Google Street View, a Google Maps feature that lets users see images of streets and the surrounding areas, continues to generate controversy. Since its launch in May 2007, the feature has prompted questions about whether it constitutes an invasion of privacy, complaints about inappropriate images, and even a lawsuit.

Aaron and Christine Boring vs. Google

The lawsuit came from a Pittsburgh couple in April 2008. The couple lives on a private road. However, Google's Street View team travelled down the road and continued taking images all the way up to the couple's home. The images were then posted to Google Maps and included close-ups of the couple's home, swimming pool, and outbuildings.

Google's response? "Complete privacy does not exist in this world except in a desert, and anyone who is not a hermit must expect and endure the ordinary incidents of the community life of which he (or she) is a part."[i]

While Google's assertion that its Street View imaging team is an "ordinary incident of community life" is far-fetched, Google does make some good points in its response. Namely, that the plaintiffs could have simply requested that Google remove the offending images from Street View via a form available on Google Maps. Instead, the couple filed suit and in doing so have made the matter public record and ensured that the images will be viewed by even more people.

Since the lawsuit, Google has removed the images in question, but the suit remains open.

The Borings' Neighbors

On Goldenbrook Lane, a nearby street, some of the Borings' neighbors also had an incident with the Street View team. In this incident, the Street View team drove up Goldenbrook Lane and into the driveway of the McKee residence. They continued to drive, snapping Street View images the whole way, up to the garages of the McKees.[ii] While it appears that the McKees didn't resort to a lawsuit, Google has removed the images of the home that were taken from private property from Street View.

Street View in California

In California, the antics of the Street View drivers continued. Drivers reportedly went on over 100 private roads in Sonoma County according to an analysis done by In another instance, Street View drivers went past two no trespassing signs as they photographed the 1,200 foot private road leading up to Betty Webb's house in Humboldt County. In another incident reported by, Street View drivers ignored a no trespassing sign, passed through a gate, and drove through someone's yard on a dirt road near Freestone.

Street View and U.S. Military Bases

In March 2008, the Pentagon requested that Google remove some images of military bases taken from public streets due to the potential threat those images posed to national security. "It actually shows where all the guards are. It shows how the barriers go up and down. It shows how to get in and out of buildings," said General Gene Renuart, commander of U.S. Northern Command.[iii] According to Google spokesman Larry Yu, Google has honored the Pentagon's requests.[iv] However, the Pentagon was still reviewing the many images of military facilities that were included in Street View.[v]

Street View Goes Global

After the complaints in the U.S., other countries warned Google that Street View would have to be modified to comply with their stricter privacy laws. To this end, Google has improved facial recognition technology so that it can find faces in images and blur them so that they are unrecognizable. This technology has also been applied to license plates. The blurring feature has since been applied to U.S. Street View imagery in addition to images in other countries where Street View is now available.


While Google has removed some of the aforementioned locations from Street View, the burden to monitor Google's actions, be it Street View or other Google services, continues to fall on people like you and me. With regard to Street View, Google argues that "many people--visitors pulling in the driveway, neighbors turning around at the end of the road, deliverymen delivering packages--can all plainly see the exterior of the (Borings) home."[vi] While these examples are likely accurate for the Borings and the population in general, they involve people that we know or strangers that we requested to come to our homes. Private residents didn't request that Google visit these neighborhoods nor would residents reasonably expect that someone would be driving down their streets taking photographs of everything. In fact, I suspect that if you or I were to do the same thing, someone would call the police and we'd have some difficult questions to answer down at the station.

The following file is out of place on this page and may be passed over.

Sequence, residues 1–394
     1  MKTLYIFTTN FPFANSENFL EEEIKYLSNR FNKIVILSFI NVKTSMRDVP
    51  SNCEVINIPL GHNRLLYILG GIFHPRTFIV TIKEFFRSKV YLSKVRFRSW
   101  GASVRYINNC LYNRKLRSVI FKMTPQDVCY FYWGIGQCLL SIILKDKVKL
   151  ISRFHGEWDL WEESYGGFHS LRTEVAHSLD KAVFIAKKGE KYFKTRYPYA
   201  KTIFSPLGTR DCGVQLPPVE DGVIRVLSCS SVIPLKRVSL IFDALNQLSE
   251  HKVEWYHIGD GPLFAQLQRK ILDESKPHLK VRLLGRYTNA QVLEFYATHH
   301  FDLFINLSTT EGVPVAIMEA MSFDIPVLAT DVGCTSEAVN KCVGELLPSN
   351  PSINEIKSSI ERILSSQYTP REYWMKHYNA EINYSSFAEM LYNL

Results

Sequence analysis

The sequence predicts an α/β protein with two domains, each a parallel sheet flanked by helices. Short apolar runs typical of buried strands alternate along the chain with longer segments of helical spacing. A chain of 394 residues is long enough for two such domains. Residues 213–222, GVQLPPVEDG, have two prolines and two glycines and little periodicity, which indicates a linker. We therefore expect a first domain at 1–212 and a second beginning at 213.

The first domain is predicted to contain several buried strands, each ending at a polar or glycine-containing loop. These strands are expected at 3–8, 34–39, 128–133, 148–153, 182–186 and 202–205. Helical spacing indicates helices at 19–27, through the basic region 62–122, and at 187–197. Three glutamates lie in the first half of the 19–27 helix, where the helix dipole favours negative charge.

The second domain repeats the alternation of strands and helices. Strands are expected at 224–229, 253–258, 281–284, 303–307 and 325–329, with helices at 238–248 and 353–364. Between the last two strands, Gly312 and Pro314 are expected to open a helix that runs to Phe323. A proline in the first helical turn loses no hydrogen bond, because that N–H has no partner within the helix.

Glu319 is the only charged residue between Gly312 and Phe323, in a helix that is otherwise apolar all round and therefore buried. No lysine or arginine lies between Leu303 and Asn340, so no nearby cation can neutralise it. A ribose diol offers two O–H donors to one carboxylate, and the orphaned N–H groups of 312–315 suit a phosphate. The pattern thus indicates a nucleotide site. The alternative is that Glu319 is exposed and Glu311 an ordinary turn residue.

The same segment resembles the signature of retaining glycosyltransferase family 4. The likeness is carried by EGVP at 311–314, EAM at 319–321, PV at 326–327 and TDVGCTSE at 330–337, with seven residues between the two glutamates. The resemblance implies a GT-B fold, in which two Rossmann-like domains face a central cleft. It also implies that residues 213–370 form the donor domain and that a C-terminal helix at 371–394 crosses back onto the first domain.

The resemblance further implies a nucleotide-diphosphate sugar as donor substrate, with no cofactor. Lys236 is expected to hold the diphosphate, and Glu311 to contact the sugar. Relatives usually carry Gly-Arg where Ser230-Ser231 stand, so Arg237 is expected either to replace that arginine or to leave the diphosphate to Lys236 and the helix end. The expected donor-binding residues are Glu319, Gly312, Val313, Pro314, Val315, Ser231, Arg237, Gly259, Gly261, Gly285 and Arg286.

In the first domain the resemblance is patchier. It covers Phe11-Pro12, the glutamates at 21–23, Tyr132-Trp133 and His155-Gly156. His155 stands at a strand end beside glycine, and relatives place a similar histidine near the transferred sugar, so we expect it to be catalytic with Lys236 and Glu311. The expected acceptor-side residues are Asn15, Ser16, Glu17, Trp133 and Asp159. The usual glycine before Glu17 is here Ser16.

Potential Consequences

So, what could the consequences of Street View be? Well, while the feature has been used to aid police in a kidnapping investigation[vii], I think the feature could be far more useful to criminals. For example, a criminal could use Street View to case a neighborhood--checking Street View for cars that are parked in garages or driveways so they could know when someone isn't at home, scan the yards and windows for any signs indicating that homes have security systems, check the proximity of neighboring houses using Street View and Google's satellite imagery, look for signs of pets that could pose problems for a thief, see if the homes have newspapers delivered (which might help the thief determine if the residents were on vacation) and, assuming the criminal found a good candidate, select a few potential access points (like open windows) for breaking into the home. If the Street View car happened to pass through your neighborhood on garbage day, the camera might even capture the box of that new HDTV you got. Scary, huh?

Protecting Your Privacy

So how can you protect yourself? First, check your address using Street View. To report a concern with Street View imagery, enter the address you desire and click "Search Maps." Then, click "Street View" in the thought bubble that appears on the map. Once the "Street View" image appears, click "Report a Concern" in the bottom left corner of the Street View image and enter the details of your complaint.

Second, be mindful of how your information is used and act when you feel your privacy is being threatened. Google's Street View can be a helpful tool, but it is meant to help Google sell ads and make money, not protect your privacy. You can write your local, state and federal representatives and even the local paper to voice your opinion.